attributes with the "F" bit set, AND where the Extended-Type is the
same, AND where the Tag is the same.
Likewise, the value of the extended attribute is formed by
concatenating the values of adjacent attributes with the "F" bit set,
AND where the Extended-Type is the same, AND where the Tag is the same.
This text seems to indicate that the "F" bit is set if an attribute is
fragmented... does that mean that the first fragmented attributes has
"F" set? The examples in Section 5 indicate that it doesn't. Either
way, the text & examples need to be clarified and made consistent.
On one hand, setting the "F" bit on the first fragment helps the
receiver know immediately that the attribute is fragmented. Otherwise,
it has to look at the *next* attribute to see the fragmentation status
of the current attribute. But if the "F" bit is set for all fragments,
then the receiver has to compare the Extended-Types && Tags to see if
the current fragment is part of the previous attribute.
I think I prefer the first approach, where "F" is set on all
fragments. It also avoids issues. e.g. One implementor decides to
fragment at non-246 octet boundaries. Another implementor decides that
with "F" zero, and "Extended-Length" less than 246, the attribute
*cannot* be fragmented, so two attributes are created where the sender
intended to send one.
Also, attributes generated by a client or server MUST NOT be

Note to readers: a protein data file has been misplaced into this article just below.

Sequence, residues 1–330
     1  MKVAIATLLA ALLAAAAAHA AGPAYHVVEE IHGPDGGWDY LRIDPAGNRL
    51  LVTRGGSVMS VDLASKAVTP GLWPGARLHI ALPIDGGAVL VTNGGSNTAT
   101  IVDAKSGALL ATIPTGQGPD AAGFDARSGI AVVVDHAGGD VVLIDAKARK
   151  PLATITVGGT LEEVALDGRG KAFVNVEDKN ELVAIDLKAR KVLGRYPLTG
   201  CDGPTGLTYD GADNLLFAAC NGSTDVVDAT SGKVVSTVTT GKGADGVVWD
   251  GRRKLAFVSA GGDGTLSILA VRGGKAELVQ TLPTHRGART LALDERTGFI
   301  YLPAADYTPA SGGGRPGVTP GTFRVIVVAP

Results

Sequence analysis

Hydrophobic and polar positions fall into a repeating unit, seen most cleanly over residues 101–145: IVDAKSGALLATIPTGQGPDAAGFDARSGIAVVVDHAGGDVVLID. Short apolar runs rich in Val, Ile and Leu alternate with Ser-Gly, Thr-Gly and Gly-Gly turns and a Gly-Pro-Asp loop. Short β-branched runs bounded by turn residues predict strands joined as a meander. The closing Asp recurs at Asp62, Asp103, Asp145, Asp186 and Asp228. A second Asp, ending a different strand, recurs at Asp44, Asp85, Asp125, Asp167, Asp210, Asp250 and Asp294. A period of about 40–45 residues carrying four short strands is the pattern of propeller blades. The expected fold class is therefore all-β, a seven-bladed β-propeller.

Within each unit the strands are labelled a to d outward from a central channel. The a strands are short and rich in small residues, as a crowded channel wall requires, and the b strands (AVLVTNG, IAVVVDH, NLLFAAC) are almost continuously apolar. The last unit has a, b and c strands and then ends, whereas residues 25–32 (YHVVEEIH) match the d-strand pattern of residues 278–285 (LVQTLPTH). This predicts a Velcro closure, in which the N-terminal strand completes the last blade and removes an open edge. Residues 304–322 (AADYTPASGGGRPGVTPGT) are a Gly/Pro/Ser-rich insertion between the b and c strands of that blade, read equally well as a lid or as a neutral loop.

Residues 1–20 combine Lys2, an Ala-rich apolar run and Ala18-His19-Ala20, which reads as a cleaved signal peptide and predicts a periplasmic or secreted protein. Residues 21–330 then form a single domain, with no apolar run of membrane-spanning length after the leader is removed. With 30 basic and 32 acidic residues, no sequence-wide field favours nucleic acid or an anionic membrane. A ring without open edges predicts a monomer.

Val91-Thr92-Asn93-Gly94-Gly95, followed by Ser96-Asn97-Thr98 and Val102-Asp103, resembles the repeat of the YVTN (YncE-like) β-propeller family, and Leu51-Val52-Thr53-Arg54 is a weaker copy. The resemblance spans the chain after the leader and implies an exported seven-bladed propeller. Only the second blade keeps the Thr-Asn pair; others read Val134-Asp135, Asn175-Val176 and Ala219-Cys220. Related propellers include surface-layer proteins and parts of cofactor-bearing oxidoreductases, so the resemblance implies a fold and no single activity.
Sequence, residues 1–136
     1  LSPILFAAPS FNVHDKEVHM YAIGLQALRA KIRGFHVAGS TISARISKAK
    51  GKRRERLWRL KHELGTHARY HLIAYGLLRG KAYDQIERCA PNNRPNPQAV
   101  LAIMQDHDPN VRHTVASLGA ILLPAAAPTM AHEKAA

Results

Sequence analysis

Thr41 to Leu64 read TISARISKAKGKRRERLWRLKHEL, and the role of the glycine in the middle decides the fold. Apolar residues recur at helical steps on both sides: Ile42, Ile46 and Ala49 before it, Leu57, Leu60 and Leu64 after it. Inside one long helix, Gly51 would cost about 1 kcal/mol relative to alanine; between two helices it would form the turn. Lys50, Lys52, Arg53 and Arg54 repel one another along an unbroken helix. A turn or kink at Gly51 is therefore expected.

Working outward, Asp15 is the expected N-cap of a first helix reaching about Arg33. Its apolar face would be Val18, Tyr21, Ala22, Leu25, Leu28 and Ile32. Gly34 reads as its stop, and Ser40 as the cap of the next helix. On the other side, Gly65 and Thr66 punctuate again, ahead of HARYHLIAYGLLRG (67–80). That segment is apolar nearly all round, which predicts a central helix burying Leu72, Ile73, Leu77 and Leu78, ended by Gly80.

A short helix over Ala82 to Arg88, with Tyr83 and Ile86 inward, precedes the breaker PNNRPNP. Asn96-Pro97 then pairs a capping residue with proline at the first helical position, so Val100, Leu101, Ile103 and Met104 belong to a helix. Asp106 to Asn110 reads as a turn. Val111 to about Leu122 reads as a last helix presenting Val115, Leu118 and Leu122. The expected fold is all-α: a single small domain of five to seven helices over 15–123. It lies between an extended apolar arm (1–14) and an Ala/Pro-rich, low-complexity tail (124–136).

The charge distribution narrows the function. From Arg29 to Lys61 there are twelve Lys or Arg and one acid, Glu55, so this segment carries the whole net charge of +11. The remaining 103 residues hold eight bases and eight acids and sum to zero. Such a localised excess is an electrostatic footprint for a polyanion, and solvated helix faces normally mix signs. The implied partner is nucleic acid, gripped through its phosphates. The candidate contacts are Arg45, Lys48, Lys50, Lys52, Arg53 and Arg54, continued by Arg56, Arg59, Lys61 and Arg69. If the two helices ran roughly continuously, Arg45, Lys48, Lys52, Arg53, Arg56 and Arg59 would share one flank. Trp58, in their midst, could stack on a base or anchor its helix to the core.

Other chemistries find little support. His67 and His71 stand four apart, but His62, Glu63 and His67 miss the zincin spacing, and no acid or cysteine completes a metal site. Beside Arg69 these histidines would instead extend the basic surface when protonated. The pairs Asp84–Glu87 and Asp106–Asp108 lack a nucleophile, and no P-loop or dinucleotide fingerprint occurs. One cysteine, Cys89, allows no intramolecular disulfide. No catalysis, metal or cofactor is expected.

fragmented at boundaries other than 246 octets. Doing so would decrease
the efficiency of packing. Robust implementations SHOULD support
receiving attributes fragmented at non-246 octet boundaries.
The Tag field could be renamed, to avoid conflict with the existing
Tag field. They seem to be a little different...
There should be more text explaining what the meaning of the grouping
is for the Tag field. e.g. use-cases. Guidelines to implementation
authors help significantly with comprehension of the document, and in
creating inter-operable implementations.
The document should probably have a section 4.1, explaining all of
The ASCII art should again be the same format as in RFC 2865 et al. I
also suggest full hex dumps of the attributes, in addition to the ASCII art.
Using "0xDEADDEAD" is interesting. Maybe something more innocuous,
like "0x12345678" ?
The document introduces a new syntax to refer to extended attributes
without defining it. e.g. Foo(0,10). It looks like the "0" refers to
the Tag, and "10" to the Extended-Type. If we follow the convention of
previous documents, we do not need to mention the Tag if it is zero. We
also do not need to mention the value of the Extended-Type.
I don't think there are any security considerations. The document
doesn't define any new packets, protocol exchanges, encryption types, or
If we're going to allocate a private enterprise code for the IETF, it
should be something other than zero. Otherwise, I would silently avoid
the idea that we're allocating a vendor ID of 0 to the IETF.